Oil prices have reportedly surged back up earlier this week after EU leaders came to an agreement to effectively ban over 90% of crude imports from Russia by the end of the year.
According to reports, however, the surging process reversed their course a few hours after the announcement after a report by The Wall Street Journal revealed that the OPEC was contemplating to suspend Russia from its output agreement.
The EU’s announcement came as a standoff on the embargo, which was initially held up in a deadlock by Hungary, came to an end. Viktor Orban, Hungary's leader, has had friendly relations with Russian President Vladimir Putin, and the country is a major consumer of Russian oil.
According to the President of the European Council, Charles Michel, this new step by the EU would have a direct impact on 75% of oil imports from Russia.
The embargo supposedly comes under the EU’s sixth sanctions package against Russia since its launch of the Ukraine invasion. Discussions on enforcing an oil embargo have been in progress from the start of the month.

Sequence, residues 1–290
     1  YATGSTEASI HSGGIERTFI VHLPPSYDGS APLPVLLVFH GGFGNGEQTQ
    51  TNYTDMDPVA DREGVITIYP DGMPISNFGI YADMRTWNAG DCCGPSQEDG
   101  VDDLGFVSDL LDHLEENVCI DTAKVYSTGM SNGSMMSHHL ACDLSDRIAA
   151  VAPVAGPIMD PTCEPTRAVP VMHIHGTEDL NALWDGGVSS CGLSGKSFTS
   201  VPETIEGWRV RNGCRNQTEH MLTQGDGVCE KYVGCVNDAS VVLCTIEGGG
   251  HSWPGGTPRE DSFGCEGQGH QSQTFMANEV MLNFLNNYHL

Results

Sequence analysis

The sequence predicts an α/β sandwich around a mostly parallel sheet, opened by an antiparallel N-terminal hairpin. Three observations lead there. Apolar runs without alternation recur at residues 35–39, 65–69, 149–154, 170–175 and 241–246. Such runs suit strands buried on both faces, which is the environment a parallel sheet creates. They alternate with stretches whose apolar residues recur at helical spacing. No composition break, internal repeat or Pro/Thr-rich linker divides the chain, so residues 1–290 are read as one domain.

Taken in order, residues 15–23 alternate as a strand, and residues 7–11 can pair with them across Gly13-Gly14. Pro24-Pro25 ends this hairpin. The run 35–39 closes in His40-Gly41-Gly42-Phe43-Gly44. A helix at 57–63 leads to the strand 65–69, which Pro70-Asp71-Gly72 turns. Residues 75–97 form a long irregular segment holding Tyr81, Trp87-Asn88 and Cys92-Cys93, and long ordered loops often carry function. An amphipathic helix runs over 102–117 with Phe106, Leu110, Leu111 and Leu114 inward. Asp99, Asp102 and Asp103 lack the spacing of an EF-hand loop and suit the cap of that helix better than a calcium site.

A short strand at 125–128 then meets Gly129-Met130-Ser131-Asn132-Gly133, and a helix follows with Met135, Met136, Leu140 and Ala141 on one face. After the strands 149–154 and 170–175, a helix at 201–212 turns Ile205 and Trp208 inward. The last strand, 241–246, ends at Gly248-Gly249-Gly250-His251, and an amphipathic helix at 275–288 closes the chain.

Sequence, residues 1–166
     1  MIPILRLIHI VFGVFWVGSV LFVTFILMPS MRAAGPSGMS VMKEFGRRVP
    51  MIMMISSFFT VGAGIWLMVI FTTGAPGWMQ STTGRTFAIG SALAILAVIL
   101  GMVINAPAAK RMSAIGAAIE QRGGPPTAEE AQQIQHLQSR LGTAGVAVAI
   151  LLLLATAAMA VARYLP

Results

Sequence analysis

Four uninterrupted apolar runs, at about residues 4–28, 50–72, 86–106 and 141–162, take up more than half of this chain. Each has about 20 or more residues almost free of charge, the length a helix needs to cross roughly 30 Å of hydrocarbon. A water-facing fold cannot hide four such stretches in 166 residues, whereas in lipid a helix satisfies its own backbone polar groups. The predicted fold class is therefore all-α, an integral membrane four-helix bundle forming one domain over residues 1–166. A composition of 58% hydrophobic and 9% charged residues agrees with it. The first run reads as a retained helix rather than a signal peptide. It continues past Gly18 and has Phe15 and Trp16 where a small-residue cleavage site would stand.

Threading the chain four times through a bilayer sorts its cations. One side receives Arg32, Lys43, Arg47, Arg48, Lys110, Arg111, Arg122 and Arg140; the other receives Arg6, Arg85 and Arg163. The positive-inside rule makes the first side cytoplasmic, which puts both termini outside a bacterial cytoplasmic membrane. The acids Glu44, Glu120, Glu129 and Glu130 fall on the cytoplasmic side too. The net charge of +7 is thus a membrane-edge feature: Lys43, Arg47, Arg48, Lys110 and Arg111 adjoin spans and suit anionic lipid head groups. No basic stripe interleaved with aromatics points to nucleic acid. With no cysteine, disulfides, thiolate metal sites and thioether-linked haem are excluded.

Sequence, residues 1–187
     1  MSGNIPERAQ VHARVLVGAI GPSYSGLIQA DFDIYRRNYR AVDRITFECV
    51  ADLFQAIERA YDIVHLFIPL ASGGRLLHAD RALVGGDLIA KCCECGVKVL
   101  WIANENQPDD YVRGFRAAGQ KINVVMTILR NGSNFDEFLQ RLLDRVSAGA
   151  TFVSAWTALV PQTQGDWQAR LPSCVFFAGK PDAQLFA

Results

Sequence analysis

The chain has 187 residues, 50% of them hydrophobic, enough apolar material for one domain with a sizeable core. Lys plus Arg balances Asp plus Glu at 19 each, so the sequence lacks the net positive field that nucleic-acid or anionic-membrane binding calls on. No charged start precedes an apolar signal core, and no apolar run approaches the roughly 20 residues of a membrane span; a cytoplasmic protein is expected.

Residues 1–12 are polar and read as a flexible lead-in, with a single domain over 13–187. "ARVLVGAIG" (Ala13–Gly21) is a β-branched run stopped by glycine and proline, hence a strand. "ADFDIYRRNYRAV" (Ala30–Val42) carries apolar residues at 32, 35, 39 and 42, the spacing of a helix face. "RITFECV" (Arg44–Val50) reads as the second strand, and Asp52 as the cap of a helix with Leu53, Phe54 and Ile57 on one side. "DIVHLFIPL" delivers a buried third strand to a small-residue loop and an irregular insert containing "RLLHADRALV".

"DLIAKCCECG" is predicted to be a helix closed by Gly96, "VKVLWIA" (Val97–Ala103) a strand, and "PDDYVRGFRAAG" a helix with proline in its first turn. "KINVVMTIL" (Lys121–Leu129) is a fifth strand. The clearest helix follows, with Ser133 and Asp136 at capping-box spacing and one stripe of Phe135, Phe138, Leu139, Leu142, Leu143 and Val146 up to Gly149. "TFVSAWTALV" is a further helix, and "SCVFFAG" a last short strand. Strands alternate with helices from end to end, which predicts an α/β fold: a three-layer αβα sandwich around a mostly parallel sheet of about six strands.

As per a statement released by the European Council on May 31st, the bloc has agreed to extend the sixth package of sanctions against Russia to cover crude oil, petroleum products, supplied from Russia into EU member states, with a provisional exception of crude oil supplied through pipeline.
The European Council further stated that to ensure the security of supply in case of ‘sudden interruptions’, ‘emergency’ measures will be rolled out.
As per reports, the ban could further exert pressure on the energy market. Energy prices have skyrocketed over the past year, which has greatly contributed to inflationary conditions in many countries.
Vivek Dhar, director, mining & energy commodities research, Commonwealth Bank of Australia, mentioned in a note that even though pipeline imports were not considered in the agreement, the seaborne oil embargo still accounts for a significant chunk of EU’s fossil fuel imports from Russia.